A term coined by British mathematician Ian Stewart and biologist Jack Cohen in their 1997 book Figments of Reality, defined as the cultural capital that is available to us in the form of external media (eg legends, folklore, books, music or video tapes, CDs, DVDs, etc).
Stewart and Cohen contrast extelligence with intelligence, or the knowledge and cognitive processes within the brain. However, they claim that there is an interdependent relationship between knowledge-inside-one’s-head (intelligence) and knowledge-outside-one’s-head that can be readily accessed (extelligence) and regard this “complicity” (a combination of complexity and simplicity) as fundamental to the development of consciousness in evolutionary terms for both the species and the individual. Through the idea of complicity, Cohen and Stewart relate the individual to the sum of human knowledge.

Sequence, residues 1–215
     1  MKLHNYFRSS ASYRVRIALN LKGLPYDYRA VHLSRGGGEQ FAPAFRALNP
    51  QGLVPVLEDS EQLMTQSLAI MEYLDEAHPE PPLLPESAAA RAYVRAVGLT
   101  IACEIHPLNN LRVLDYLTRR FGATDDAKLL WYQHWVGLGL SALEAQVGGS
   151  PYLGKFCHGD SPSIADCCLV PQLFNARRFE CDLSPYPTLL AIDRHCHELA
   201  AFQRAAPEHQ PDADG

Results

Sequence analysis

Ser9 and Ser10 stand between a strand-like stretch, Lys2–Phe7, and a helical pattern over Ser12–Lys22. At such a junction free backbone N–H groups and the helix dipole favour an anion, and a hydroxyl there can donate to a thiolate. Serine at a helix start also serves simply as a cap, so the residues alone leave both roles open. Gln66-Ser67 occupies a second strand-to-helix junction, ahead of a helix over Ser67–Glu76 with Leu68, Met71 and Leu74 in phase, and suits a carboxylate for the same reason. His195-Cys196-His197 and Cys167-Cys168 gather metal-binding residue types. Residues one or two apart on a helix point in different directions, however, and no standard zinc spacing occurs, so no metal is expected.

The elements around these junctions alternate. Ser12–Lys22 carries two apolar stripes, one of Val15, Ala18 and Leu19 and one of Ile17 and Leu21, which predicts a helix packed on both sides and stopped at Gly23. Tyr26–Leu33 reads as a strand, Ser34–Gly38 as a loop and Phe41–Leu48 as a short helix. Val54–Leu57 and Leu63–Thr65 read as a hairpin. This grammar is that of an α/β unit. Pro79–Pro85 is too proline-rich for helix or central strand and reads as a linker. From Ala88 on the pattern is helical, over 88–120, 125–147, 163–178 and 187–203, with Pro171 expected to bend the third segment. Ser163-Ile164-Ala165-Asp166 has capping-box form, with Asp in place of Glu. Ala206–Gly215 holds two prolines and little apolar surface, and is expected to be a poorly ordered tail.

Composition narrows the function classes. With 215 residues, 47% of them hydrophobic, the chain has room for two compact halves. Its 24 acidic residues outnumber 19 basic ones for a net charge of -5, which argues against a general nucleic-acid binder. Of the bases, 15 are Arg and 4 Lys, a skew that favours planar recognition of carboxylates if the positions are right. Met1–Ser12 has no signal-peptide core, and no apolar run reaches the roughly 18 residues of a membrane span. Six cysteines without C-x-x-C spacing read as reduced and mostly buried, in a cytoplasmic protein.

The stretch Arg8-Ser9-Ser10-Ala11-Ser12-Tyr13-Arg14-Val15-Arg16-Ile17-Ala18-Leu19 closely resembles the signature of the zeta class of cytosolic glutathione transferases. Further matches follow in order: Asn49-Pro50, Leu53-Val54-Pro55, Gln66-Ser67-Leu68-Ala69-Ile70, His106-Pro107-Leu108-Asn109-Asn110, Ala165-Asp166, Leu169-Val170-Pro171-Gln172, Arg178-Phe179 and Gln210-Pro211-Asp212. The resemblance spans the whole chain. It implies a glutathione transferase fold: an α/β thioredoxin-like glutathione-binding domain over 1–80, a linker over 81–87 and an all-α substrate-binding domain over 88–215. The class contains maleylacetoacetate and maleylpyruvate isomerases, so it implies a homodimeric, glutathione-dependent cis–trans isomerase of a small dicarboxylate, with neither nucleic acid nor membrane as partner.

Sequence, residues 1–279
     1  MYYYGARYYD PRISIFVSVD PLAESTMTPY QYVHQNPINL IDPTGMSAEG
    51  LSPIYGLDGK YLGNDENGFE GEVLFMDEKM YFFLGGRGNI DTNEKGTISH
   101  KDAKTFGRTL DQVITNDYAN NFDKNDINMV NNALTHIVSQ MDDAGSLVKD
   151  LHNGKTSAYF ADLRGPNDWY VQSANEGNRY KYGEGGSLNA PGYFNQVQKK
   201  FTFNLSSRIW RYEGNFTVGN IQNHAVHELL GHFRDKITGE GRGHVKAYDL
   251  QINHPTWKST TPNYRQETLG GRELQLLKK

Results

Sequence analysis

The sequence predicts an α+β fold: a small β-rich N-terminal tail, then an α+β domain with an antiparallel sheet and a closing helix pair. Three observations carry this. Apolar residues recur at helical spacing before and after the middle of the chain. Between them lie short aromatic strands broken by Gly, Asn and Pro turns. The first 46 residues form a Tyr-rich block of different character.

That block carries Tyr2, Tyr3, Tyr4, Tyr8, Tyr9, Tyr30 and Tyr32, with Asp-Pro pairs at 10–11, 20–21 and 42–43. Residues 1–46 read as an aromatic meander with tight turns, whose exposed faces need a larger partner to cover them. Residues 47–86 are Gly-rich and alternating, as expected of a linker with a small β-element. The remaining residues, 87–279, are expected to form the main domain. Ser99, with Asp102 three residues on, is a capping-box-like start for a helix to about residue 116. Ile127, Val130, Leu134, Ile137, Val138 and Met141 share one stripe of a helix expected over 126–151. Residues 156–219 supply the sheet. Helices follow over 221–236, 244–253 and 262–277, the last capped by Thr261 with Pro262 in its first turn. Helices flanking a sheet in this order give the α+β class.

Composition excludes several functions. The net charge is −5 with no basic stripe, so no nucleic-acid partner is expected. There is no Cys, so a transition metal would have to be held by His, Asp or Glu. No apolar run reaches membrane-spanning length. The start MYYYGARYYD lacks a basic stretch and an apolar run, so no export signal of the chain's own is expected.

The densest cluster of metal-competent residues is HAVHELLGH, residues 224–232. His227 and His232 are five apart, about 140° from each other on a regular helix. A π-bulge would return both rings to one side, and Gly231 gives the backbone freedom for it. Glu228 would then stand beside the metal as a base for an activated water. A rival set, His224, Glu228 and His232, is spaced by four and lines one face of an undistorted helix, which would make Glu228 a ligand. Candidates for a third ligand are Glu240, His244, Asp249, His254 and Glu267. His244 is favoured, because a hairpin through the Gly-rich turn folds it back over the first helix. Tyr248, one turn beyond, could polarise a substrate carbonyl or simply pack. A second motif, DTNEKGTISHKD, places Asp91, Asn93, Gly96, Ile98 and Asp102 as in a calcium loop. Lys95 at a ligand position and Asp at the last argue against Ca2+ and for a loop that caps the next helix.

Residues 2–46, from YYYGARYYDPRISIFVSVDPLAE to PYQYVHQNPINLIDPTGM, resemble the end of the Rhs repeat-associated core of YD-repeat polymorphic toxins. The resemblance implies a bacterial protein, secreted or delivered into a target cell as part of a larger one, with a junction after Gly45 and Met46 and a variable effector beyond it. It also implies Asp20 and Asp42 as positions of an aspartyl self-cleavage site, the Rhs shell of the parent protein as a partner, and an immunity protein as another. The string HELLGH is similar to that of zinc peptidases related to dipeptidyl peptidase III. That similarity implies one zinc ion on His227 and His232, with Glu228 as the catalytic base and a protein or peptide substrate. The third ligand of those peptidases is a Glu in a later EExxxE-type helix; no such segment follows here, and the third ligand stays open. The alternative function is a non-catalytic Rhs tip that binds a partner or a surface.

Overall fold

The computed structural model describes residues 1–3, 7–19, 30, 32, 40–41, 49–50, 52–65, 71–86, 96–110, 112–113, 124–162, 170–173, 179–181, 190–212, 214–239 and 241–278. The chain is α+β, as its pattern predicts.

Although Cohen’s and Stewart’s respective disciplines are biology and mathematics, their description of the complicity of intelligence and extelligence is in the tradition of psychology theorists Jean Piaget, Belinda Dewar and David A Kolb. Philosophers, notably Karl Popper, have also considered the relation between subjective knowledge (which he calls world 2), objective knowledge (world 1) and the knowledge represented by man-made artefacts (world 3).